Author: Brad Olsen
Publisher: CCC Publishing
ISBN: 1888729198
Size: 71.49 MB
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This revised and updated comprehensive travel guide examines North America's most sacred sites for spiritually attuned explorers. Important archaeological, geological, and historical destinations from coast to coast are exhaustively examined, from the weathered pueblos of the American Southwest and the medicine wheels of western Canada to Graceland and the birthplace of Martin Luther King, Jr. Histories and cultural contexts are objectively surveyed, along with the latest academic theories and insightful metaphysical ruminations. Detailed maps, drawings, and travel directions are also included.

Legacies Of Space And Intangible Heritage

Author: Fernando Armstrong-Fumero
Publisher: University Press of Colorado
ISBN: 1607325721
Size: 10.10 MB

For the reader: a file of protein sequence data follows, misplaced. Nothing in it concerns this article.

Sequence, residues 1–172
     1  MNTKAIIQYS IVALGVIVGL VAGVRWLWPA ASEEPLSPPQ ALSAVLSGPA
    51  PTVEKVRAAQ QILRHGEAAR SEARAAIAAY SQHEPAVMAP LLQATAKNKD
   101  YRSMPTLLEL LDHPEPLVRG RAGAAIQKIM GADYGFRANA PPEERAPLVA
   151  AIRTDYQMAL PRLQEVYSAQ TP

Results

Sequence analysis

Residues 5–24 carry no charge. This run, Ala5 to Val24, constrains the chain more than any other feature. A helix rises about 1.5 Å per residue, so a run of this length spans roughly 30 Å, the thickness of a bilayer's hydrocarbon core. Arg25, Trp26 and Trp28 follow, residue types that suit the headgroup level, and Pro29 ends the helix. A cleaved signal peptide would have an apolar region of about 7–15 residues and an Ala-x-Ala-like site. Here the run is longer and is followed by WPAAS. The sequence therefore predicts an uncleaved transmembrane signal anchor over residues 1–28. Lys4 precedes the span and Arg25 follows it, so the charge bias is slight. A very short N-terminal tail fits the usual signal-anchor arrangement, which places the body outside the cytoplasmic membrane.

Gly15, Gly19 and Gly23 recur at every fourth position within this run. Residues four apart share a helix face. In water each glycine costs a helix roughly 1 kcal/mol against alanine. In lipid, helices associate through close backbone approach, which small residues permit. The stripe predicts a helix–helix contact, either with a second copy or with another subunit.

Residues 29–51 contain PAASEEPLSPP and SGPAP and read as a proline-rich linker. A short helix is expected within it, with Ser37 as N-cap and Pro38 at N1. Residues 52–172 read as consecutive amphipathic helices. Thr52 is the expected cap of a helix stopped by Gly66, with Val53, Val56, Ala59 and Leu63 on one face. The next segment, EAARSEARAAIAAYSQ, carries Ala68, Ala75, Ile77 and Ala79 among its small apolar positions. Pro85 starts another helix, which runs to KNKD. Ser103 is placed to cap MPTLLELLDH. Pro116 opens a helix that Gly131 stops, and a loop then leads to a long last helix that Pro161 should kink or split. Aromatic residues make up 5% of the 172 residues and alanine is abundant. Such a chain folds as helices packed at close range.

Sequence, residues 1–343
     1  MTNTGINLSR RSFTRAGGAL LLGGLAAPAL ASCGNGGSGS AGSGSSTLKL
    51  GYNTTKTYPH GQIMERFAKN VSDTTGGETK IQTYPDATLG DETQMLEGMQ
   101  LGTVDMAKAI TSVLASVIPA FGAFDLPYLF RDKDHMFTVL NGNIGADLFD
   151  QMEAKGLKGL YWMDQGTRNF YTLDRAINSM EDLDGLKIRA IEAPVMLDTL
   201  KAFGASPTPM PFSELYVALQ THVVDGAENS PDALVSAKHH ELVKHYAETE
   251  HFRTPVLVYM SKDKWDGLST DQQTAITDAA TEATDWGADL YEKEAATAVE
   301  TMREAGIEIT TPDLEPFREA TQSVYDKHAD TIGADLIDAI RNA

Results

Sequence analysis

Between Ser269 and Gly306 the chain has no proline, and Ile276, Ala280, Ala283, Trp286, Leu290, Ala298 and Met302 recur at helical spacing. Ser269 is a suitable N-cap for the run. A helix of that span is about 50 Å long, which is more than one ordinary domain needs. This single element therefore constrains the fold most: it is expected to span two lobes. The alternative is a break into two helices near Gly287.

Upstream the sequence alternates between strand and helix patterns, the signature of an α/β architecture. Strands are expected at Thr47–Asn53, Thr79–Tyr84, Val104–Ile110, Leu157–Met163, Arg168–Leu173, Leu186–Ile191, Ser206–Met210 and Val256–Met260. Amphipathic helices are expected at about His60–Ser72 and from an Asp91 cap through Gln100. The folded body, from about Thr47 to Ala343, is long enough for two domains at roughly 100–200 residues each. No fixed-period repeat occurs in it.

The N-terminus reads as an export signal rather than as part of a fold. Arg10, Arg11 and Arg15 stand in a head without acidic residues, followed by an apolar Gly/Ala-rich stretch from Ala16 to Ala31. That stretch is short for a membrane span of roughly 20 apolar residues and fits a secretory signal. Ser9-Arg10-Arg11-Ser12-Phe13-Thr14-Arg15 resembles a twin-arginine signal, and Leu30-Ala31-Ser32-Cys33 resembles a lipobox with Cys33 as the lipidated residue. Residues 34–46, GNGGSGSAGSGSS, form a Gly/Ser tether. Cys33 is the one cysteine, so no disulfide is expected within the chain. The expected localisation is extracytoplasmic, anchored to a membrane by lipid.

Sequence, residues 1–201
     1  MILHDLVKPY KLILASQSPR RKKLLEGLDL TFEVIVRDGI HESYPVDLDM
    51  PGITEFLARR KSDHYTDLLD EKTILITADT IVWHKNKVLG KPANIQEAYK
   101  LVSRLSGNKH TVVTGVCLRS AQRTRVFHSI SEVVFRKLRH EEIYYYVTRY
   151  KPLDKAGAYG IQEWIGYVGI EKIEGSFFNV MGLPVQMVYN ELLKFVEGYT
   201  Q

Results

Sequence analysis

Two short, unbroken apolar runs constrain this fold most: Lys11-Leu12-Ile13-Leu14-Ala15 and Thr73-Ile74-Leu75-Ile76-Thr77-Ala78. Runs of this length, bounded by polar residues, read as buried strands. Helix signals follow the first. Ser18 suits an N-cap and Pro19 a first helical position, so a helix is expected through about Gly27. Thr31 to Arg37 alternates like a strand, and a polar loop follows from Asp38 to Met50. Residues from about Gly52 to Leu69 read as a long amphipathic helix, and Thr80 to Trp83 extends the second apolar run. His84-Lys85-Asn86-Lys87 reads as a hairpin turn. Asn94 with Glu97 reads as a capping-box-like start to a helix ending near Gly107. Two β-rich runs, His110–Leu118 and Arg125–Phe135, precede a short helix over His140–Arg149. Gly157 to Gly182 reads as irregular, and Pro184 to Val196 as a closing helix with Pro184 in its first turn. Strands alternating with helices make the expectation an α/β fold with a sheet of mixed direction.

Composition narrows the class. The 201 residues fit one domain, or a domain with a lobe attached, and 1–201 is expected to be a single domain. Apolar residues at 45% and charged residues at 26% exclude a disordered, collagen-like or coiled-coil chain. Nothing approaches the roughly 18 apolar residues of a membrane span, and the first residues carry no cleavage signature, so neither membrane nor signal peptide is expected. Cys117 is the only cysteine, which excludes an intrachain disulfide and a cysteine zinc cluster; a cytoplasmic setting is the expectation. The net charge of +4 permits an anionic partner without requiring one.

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Legacies of Space and Intangible Heritage is an interdisciplinary exploration of the intersections between the study and management of physical sites and the reproduction of intangible cultural legacies. The volume provides nine case studies that explore different ways in which place is mediated by social, political, and ecological processes that have deep historical roots and that continue to affect the politics of heritage management. Spaces of human habitation are both historical records of the past and key elements in reproducing the knowledge and values that define lives in the present. Practices, knowledge, and skills that communities recognize as part of their culture—and that a range of legal statutes define as protected intangible heritages—are threatened by increased migration, the displacement of indigenous peoples, and limits on access to culturally or historically significant sites. This volume addresses how different physical environments contribute to the reproduction of cultural forms even in the wake of these processes of displacement and change. Case studies from North and South America reveal a pattern of abandonment and reestablishment of settlements and show how collective memory drives people back to culturally meaningful sites. This tendency for communities to return to the sites that shaped their collective histories, along with the growing importance granted to intangible heritage, challenges archaeologists and other heritage workers to find new ways of incorporating the cultural legacies that link societies to place into the work of research and stewardship. By examining the politics of cultural continuity through the lenses of archaeology and ethnohistory, Legacies of Space and Intangible Heritage demonstrates this complex relationship between a people’s heritage and the landscape that affects the making of "place." Contributors: Rani Alexander, Hannah Becker, Minette Church, Bonnie Clark, Chip Colwell, Winifred Creamer, Emiliana Cruz, T. J. Ferguson, Julio Hoil Gutierrez, Jonathan Haas, Saul Hedquist, Maren Hopkins, Stuart B. Koyiyumptewa, Christine Kray, Henry Marcelo Castillo, Anna Roosevelt, Jason Yaeger, Keiko Yoneda